Exploring the psychological landscape of OCD

Cutting It Short

An account of the uncomfortable experience of medication withdrawal

My head is throbbing.  It’s not a headache, I promise it’s not painful, only uncomfortable – imagine your brain swelling up inside your head, just for a second, expanding and pushing against the inside of your skull and then contracting like a beating heart.  Just a moment of pressure and disorientation before it subsides.

It comes in starts and stops.  Sometimes it’s a strong beat before a weak one, SEMP-semp, sometimes it’s the other way around, semp-SEMP.  Sometimes it’s three or four or five, semp-semp-semp-semp.  “Semp” is as good as I can do I’m afraid, in terms of transcribing its sound.  Honestly, it isn’t really a sound at all.  More like the absence of one:  a stutter, a hiccup, a moment of nothingness.  I’ve thought about it quite a bit, and I think the best analogy is that it feels like trying to use a computer that’s old or slow or has a lousy connection.  You’re staring at the screen, waiting for the content to appear - there just isn’t any content there.

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At the recommendation of my psychiatrist, I stopped taking a medication I’d been on since the fall of 2007.  (I’m not going to reveal the medication, because I don’t want to bias readers undergoing psychiatric treatment against any particular chemical – suffice it to say that, while it might be a good drug for other people and even for other OCD sufferers, it wasn’t a good drug for me). This drug had been a part of my brain chemistry for almost six years, it influenced my thoughts and feelings – for all intents and purposes, this medication was a totally inextricable part of me, of who I am, of the elusive complex of traits and preferences and quirks we call “personality” or even “spirit” or “soul.”

Unfortunately, because the symptoms of withdrawal depend so much on an individual’s brain chemistry and the features of the particular medicine being phased out, a record of my experiences may be only so relevant to someone else.  However, I thought it would be useful to document what I experienced, as I experienced it. 

While the withdrawal is not painful, it’s certainly not pleasant.  I’ve been pervasively groggy and surly for the past few days, which has really limited me:  no operating motor vehicles or other heavy machinery, obviously, which means I’ve been stuck at home.  And even while restricting myself to a very limited list of household activities, I still find the withdrawal symptoms spiking at inconvenient moments and tripping me up.  I try to have a conversation, for instance, and I watch myself pause and repeat myself and then drift out entirely; I try to stand up and walk and there are worrying moments when I feel off balance, as if the smallest push could send me toppling.  Even writing is more challenging than it should be.  I’ll lose the rhythm of a sentence partway through and then find myself unable to finish it in a way I find satisfying; or I’ll start a thought but find myself unable to complete it. 

And whiel the symptoms themsevls…

Excuse me. 

And again, while the withdrawal itself isn’t actually painful, it’s left me vulnerable to some very nasty habits of mind that I usually have the presence and self-control to resist. I’m very good at being mean to myself - it’s an old trick that my OCD and depression taught me - that when you’re down the only thing to do is to beat yourself down further, because eventually someone will notice and reach out to help you.  Now, obviously this is a very bad idea that doesn’t work.  And, ordinarily, I can recognize this impulse to self-criticize as a product of distorted thinking, an obsolete strategy invented and reinforced by my mental illness – and resist it.  But unfortunately, the withdrawal has me kneecapped.  I’m limping along.  I barely have the presence of mind to carry on a conversation, and when the old inclination towards negativity pops up, I don’t have the strength to resist it.  Needless to say, when you’re sleeping for 14 hours a day and spending all of your waking hours curled up in bed with junk food, you find plenty of opportunities to hate yourself.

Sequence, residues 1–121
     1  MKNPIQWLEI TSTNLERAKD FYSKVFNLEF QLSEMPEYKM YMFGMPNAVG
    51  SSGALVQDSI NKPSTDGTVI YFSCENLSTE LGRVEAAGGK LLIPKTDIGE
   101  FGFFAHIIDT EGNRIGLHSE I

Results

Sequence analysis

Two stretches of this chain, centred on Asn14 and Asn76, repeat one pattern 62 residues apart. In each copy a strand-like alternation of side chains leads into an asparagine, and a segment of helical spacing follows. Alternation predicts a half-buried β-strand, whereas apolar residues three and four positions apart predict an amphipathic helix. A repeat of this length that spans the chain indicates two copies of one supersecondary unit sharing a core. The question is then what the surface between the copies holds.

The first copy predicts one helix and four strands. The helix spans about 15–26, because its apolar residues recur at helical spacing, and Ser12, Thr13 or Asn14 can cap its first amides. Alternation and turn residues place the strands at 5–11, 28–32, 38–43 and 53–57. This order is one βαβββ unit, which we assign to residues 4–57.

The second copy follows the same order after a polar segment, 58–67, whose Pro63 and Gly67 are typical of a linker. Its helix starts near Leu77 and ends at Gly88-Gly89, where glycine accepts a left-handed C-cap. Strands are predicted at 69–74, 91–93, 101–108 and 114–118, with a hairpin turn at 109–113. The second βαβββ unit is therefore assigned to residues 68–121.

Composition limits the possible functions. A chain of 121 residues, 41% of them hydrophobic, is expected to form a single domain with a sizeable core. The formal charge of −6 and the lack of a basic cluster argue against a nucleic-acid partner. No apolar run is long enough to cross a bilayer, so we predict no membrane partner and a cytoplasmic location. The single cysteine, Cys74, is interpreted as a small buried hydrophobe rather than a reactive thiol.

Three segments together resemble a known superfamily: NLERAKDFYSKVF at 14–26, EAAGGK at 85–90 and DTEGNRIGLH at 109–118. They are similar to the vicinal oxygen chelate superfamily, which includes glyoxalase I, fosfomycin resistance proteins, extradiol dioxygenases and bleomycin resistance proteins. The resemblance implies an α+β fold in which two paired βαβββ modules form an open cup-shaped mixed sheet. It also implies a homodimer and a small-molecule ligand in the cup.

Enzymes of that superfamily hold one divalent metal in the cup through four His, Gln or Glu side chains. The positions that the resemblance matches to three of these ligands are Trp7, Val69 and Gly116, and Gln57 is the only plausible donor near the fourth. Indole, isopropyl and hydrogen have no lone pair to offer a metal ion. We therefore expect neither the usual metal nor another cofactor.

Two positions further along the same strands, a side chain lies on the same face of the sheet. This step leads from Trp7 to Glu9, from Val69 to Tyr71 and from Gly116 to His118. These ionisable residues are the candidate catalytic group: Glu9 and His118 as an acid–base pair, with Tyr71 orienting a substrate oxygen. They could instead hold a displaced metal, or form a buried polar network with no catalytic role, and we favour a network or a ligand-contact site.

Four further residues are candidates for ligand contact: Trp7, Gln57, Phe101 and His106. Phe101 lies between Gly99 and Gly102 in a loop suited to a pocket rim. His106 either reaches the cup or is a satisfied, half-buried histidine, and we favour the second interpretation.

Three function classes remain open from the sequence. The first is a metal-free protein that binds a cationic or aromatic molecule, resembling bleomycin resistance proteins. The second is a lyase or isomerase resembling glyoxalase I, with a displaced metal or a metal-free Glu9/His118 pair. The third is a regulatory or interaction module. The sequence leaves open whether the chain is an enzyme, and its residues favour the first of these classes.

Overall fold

So, it wasn’t a great week.  And, though my experiences with withdrawal from medication are not necessarily likely to be similar to anyone else’s, there are two thoughts I wanted to share.  The first is that I wish I’d been more communicative with my psychiatrist for the years I’d been on this drug – if I’d been better able to articulate how I felt, and how the medicine might have been affecting me, we might have realized sooner that it wasn’t a good match and I could have been spared this whole process.  (As I writer, I can’t help but wish I’d taken such comprehensive notes on my side effects back when I was starting the medication).  And the other is that, needless to say, if you and your doctor agree you should reduce your meds then you probably want to take a few days off.  Even if your symptoms aren’t exactly like mine were, they probably won’t be any fun, and you don’t want to have to juggle your regular responsibilities when you feel this cruddy. 

Anyway, fingers crossed and the symptoms passed.  I hope to be feeling a little more like myself by the next time I write.

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Copyright, Fletcher Wortmann, 2013.

Author of Triggered:  A Memoir of Obsessive-Compulsive Disorder (St. Martin’s Press), named one of Booklist’s “Top 10 Science & Health Books of 2012”.

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Fletcher Wortmann is the author of Triggered: A Memoir of Obsessive-Compulsive Disorder.


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